Bathroom To Bedroom To Kitchen

And when night falls, when the last of day’s gold blues into darkness, the reflection of a room two floors below echoes off a window opposite. There are angles in effect, angles that may be broken down into numbers, but a triangle is formed from one living room to the above. That is where I am perched, tremulously opening another beer, in the subdued light of my own accommodation. Only with my lights off can the reflection be recognised; only with my lights off can I summon the temerity to pause and stare! The arrangement of rooms is identical, and so by passing from my bathroom to bedroom to kitchen, I pass through their bathroom to bedroom to kitchen. Already there, I am a ghost. If I reach out to touch them, they will not feel my fingers but the loosest draught of cold air like ajar. This voyeurism will be the death of me.

The reflection is sixties’ television, it is blurry and half-formed, bristled and tripped up in the air of its transmission. It is distinguishable only inasmuch as one must interpret it, their eyes doing all the work. The colours are faded. The outlines are dragged across one another.

She does not live alone. In a certain passage of imagination, she lived alone, although now she does not. The table, its position a shadow, is ornate with placemats, civilly arranged for dinner. The table is nearsmothered in placemats, so that little of the wood shines through. Look at them, I think. It is a scene from cinema. It is a puncture in the privacy of one person to another. No one can record this; eventually it will disappear like confetti in a churchyard.

Despite my attempts, wandering back & forth, only she is visible. The anonymous partner, he is merely a sculpted arm that tenses its fork from dish to somewhere unseen. She talks in his direction.

I am not long home. Showered and wakened, I seek to bury the worries of my mind. The evening lull, the fracas of a worrier and his troubles! Fingertips smell like last night’s chopped garlic.

She has her elbow on the table, her right hand with its glinted cutlery frozen in midair. Depicted jaggedly is her profile, bare arms, hair tied back, a plate of indeterminate food. Do not lean against the chair, quite comfortable to stand, to spectate like punters at a horserace. The shift of her jaw, the flickering of her lips convey silence. The tenses shift. She is then and now. She is a stranger plucked from the cosmos. I should turn away. The table was laid. The cutlery smeared. Dishes half-full.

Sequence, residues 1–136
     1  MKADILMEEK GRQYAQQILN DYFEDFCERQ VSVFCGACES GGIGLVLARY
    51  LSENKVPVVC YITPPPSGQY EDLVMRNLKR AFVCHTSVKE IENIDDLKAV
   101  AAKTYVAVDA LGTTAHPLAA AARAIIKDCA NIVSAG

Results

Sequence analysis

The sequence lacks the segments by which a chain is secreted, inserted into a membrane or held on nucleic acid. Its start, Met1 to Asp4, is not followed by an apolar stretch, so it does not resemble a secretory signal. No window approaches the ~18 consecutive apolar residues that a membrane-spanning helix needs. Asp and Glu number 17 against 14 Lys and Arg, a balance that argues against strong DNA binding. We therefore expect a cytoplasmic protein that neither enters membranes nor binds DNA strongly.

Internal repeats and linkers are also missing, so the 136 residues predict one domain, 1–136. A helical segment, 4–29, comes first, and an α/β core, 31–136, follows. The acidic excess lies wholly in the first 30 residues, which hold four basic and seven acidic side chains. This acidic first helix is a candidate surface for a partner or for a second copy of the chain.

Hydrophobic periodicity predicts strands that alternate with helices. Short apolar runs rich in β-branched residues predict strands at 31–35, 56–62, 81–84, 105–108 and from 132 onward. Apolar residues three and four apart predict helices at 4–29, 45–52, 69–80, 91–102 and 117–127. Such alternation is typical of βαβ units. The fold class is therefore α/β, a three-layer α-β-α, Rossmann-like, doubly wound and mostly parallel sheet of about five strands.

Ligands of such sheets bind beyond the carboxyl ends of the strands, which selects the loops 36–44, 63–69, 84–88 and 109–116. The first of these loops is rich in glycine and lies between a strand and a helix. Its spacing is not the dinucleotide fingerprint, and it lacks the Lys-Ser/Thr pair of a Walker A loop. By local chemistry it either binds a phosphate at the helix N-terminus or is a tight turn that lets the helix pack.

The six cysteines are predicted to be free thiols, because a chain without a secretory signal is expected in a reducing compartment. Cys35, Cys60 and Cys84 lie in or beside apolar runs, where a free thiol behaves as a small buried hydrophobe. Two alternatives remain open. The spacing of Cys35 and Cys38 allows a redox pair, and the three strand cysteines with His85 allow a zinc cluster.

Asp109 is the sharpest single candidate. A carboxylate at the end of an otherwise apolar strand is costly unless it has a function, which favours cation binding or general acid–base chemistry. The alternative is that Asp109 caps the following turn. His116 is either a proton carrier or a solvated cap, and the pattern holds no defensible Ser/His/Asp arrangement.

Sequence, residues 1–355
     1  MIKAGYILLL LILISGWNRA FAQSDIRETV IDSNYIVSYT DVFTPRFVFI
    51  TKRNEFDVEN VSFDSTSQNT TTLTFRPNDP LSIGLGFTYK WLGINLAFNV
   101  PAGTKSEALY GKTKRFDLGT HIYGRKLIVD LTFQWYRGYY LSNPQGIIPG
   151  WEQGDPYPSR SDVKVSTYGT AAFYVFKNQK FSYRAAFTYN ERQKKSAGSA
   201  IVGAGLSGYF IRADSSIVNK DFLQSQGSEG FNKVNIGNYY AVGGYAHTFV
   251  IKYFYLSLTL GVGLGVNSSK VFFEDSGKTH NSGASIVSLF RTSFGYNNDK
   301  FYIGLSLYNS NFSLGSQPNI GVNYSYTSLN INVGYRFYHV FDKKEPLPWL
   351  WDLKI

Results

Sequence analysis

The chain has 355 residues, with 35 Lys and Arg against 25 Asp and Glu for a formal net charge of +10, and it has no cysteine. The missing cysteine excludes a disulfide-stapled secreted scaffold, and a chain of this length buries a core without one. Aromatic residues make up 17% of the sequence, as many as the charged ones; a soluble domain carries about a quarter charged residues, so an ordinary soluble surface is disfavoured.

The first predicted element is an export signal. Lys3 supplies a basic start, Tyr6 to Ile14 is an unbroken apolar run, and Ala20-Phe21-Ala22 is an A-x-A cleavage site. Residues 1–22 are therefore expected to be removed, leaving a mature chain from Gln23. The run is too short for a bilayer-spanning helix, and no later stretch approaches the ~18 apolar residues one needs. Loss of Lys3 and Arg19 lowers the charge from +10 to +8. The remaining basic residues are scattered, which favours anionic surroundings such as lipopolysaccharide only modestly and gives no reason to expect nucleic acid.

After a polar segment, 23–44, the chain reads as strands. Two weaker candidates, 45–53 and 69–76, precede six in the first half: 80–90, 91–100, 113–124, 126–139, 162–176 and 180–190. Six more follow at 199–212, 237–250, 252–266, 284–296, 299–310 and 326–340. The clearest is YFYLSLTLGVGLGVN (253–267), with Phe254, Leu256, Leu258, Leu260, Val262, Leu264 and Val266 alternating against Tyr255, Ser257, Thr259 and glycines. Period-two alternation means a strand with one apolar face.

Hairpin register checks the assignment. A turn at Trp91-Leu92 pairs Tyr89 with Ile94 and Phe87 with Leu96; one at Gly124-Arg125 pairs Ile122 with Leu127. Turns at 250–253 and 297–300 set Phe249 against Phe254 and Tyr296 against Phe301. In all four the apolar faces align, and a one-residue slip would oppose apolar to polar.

Eating is not on my mind. It will be hours before I do.
When I have had my fill – because often I return, go back, sneak another peek, the reticence of peeping – I give them a few hours, and note, with relish, the kitchen light extinguished, a hidden sofa burdened. The lamps burn orange; the television set blue no matter what is on, piercing electric blooms all over the furniture, shifting and uncertain. It is not long, by eleven o’clock, that the apartment is doused in darkness and there is nothing to see. Who knows where they have gone? I pinch myself. The play is ended. The curtain descended. I stand up from my seat and walk away.

Snow falls this spring. Still the disease catches people. Should I be afraid? I am one of few still wearing a mask. Hah, you cannot catch me! It brings a tremendous amount of comfort that my face should be hidden. A new mask every morning like a glass of juice, like an allergy tablet, like a shower and tied shoelaces. Often the mask becomes so hot that I feel faint, and yet I keep it on! The expulsions of my throat are regurgitated and swallowed like cud. If I should find myself in the daze of exhaustion, then I will hold Sontag’s Against Interpretation to my nose and fight it, until I can no longer and sleep, sweet sleep, until—I fling the book up in the air, convulsing. My sleepy consciousness juggles the book in the air, swiping hands, bouncing it from left to right and up again. The man next to me, deep in a game on his mobile phone, flinches away from my madness. The book lands on me, lands on the seat, lands on him, falls to the floor. ‘Sorry, geez,’ I say and bend down with a grunt to pick it up. And I am hot with embarrassment under my mask.

The clocks bring darker mornings, but—‘Don’t worry’ sing the gulls, ‘It will not last.’ How many times our planet has tossed and turned about the same routine, its shoulders leaning here & there, how many times we have celebrated the glimmer of a new season! The rabbi welcomed us at a wooden door, greeting cordially the schoolchildren flooding past him, their legs excited out the coach, teeth stung with twohour sugar, midday London just so crisp and cool. This wind was not there then.

It penetrates my collar. Tuck the chin down, keep the liver’s warmth around the lungs.

There is a perceived sense of isolation. Hours of therapy and thousands spent to reveal to her that, despite evidence to the contrary, I consider myself alone, remote, in a tower of stone. I am not, she assures me, and points, as though she were a shepherd along a worn path. But, most certainly, I am alone while needing to reassure myself out the neurosis. It is not such a bother, no more than a rounded pebble in the shoe.

And so I stare, as night falls, as day’s glorious gold kind of tatters itself into moribund blue, into the distorted reflection of a life two floors down and as far away as Earendel. I do not weep, for my bones are adjusting into the bask of slowly. When their lights have gone, as their stillness lingers, I put myself to the window, to the cold of ultimate earth, and the radiators swamp heat about me; I know, for certain as dawn, they are curled in bed together like cochlea.